Bruce Jennings, M.A.

Adjunct Associate Professor
Center for Biomedical Ethics and Society

Bruce Jennings, M.A. is Adjunct Associate Professor in the Department of Health Policy and the Center for Biomedical Ethics and Society, and he is Senior Fellow at the Center for Humans and Nature, a nonprofit research center based in Chicago that studies environmental ethics and policy. He came to Vanderbilt in 2015 from the Yale University School of Public Health, where he taught ethics from 1996-2014. He is in active collaboration with The Hastings Center where he served as Executive Director in the 1990s and where he is now Senior Advisor and Fellow. He also works with an environmental policy institute called the Center for Humans and Nature where he is a Senior Fellow.

In 2011 Mr. Jennings was named Editor-in-Chief of the standard reference work in the field of bioethics: Bioethics, 4th Edition, 6 vols. (Macmillan Reference USA, 2014). Mr. Jennings has been active in the health policy and end of life care arenas and has published widely on ethical issues in hospital treatment decision making, palliative care, and hospice. He has served on the Board of Directors of the National Hospice and Palliative Care Organization, and the Board of Trustees of the Hospice and Palliative Care Association of New York State. He served as ethics consultant for numerous hospitals and nursing homes, including the New York Presbyterian Hospital-Wyle Cornell Medical School. With Mildred Solomon, he was the co-founder of the “Decisions Near the End of Life” program, an educational and practice change program that was conducted in over 200 hospitals in 20 states from 1990-1996.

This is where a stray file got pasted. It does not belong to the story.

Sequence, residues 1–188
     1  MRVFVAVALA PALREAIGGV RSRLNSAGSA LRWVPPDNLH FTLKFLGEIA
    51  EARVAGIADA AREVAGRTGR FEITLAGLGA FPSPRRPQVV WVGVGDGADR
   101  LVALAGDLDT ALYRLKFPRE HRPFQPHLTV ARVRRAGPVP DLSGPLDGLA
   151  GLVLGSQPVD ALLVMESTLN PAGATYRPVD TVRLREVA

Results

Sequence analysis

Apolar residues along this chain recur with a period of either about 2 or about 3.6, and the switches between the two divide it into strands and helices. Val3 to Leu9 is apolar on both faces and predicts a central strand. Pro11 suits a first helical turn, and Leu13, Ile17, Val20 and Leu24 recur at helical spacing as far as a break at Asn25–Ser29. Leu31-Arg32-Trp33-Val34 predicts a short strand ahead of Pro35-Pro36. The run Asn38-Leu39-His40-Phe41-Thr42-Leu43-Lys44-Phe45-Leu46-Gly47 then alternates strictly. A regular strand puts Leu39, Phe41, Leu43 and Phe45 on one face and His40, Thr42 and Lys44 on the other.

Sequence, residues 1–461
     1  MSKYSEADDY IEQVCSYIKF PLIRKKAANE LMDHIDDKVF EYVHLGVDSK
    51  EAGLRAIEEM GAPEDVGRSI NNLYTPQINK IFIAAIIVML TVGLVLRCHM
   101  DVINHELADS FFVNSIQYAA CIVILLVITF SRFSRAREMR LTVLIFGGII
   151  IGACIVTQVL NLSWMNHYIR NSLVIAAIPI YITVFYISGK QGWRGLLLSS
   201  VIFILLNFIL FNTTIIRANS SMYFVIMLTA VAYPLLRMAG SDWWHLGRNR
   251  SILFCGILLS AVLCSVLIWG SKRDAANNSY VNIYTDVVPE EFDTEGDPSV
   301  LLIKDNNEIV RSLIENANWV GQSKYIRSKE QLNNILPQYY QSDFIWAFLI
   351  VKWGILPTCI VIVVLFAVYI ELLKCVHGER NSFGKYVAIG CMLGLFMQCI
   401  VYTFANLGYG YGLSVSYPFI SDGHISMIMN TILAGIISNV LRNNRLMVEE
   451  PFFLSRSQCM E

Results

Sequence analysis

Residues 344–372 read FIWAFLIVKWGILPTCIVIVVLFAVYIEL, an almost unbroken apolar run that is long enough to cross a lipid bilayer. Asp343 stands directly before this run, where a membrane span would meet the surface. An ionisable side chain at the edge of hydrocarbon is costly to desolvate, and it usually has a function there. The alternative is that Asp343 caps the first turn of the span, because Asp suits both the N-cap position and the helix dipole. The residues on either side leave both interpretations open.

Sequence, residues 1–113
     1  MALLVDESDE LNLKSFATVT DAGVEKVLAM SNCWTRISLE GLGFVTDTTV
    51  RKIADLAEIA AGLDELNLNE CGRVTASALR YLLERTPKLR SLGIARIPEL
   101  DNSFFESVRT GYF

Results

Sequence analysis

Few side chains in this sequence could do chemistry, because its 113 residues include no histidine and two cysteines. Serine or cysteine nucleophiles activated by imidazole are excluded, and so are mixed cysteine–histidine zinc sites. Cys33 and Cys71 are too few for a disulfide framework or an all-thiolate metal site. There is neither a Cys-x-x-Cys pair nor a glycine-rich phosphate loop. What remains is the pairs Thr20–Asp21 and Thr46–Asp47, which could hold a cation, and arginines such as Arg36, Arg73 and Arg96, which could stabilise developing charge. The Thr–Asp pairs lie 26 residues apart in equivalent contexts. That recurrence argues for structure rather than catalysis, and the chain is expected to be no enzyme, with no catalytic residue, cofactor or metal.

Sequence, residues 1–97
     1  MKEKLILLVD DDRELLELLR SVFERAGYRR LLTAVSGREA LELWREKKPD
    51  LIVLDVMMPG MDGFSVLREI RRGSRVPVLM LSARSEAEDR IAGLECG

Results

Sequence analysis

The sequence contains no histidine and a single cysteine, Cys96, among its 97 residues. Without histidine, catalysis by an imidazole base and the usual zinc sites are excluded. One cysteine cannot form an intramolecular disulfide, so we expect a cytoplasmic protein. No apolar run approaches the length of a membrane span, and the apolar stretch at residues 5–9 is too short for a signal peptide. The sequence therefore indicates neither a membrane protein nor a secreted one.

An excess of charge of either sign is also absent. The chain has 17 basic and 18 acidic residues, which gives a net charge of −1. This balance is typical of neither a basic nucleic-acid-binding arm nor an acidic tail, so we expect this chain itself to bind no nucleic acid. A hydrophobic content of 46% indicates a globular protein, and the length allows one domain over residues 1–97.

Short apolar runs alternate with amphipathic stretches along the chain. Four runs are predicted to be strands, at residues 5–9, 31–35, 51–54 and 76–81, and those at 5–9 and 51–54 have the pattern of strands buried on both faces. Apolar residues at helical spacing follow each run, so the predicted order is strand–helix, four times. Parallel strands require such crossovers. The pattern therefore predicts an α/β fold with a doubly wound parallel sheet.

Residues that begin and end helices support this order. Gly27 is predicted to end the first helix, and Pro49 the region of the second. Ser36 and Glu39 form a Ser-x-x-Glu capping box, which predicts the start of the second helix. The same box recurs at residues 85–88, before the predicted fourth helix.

He has also been engaged in ethics research and education in the field of public health. In 2003, working with Health Resources and Services Administration and the Association of Schools of Public Health, he coauthored a curriculum on public health ethics designed for both students in university degree programs and in-service public health professionals entitled, Ethics and Public Health: Model Curriculum. From 2003-2009 he served as member and Chair of the Ethics Advisory Committee at the Centers for Disease Control and Prevention (CDC). From 2017-2019 he was chair of the American Public Health Association task force charged with writing a new code of ethics for Public Health, which was officially adopted in 2019. In 2020 he received a Distinguished Career Award from the American Public Health Association for his work in public health ethics.

A political scientist by training (Yale University BA 1971 and Princeton University MA 1973), he has written and edited 30 books and has published approximately 300 articles on ethics, political theory, and public policy issues.

Among his authored books are Ecological Governance: Toward a New Social Contract with the Earth (West Virginia University Press, 2016); The Perversion of Autonomy: the Uses of Coercion and Constraints in a Liberal Society, (Georgetown University Press, 2003); The Hastings Center Guidelines for Decisions on Life-Sustaining Treatment and Care Near the End of Life, Revised and Expanded Second Edition (Oxford University Press, 2013); Regulating Preimplantation Genetic Diagnosis in the United States: The Limits of Unlimited Selection. (Palgrave Macmillan, 2015).

Edited collections include: Public Health Ethics: Theory, Policy and Practice (Oxford University Press, 2007); Hospice Ethics: Policy and Practice in Palliative Care (Oxford University Press, 2014); Emergency Ethics: Public Health Preparedness and Response (Oxford University Press, 2016); and Liberty and the Ecological Crisis: Freedom on a Finite Planet. (Abingdon, UK: Routledge, 2019).

For additional information, please visit my faculty page.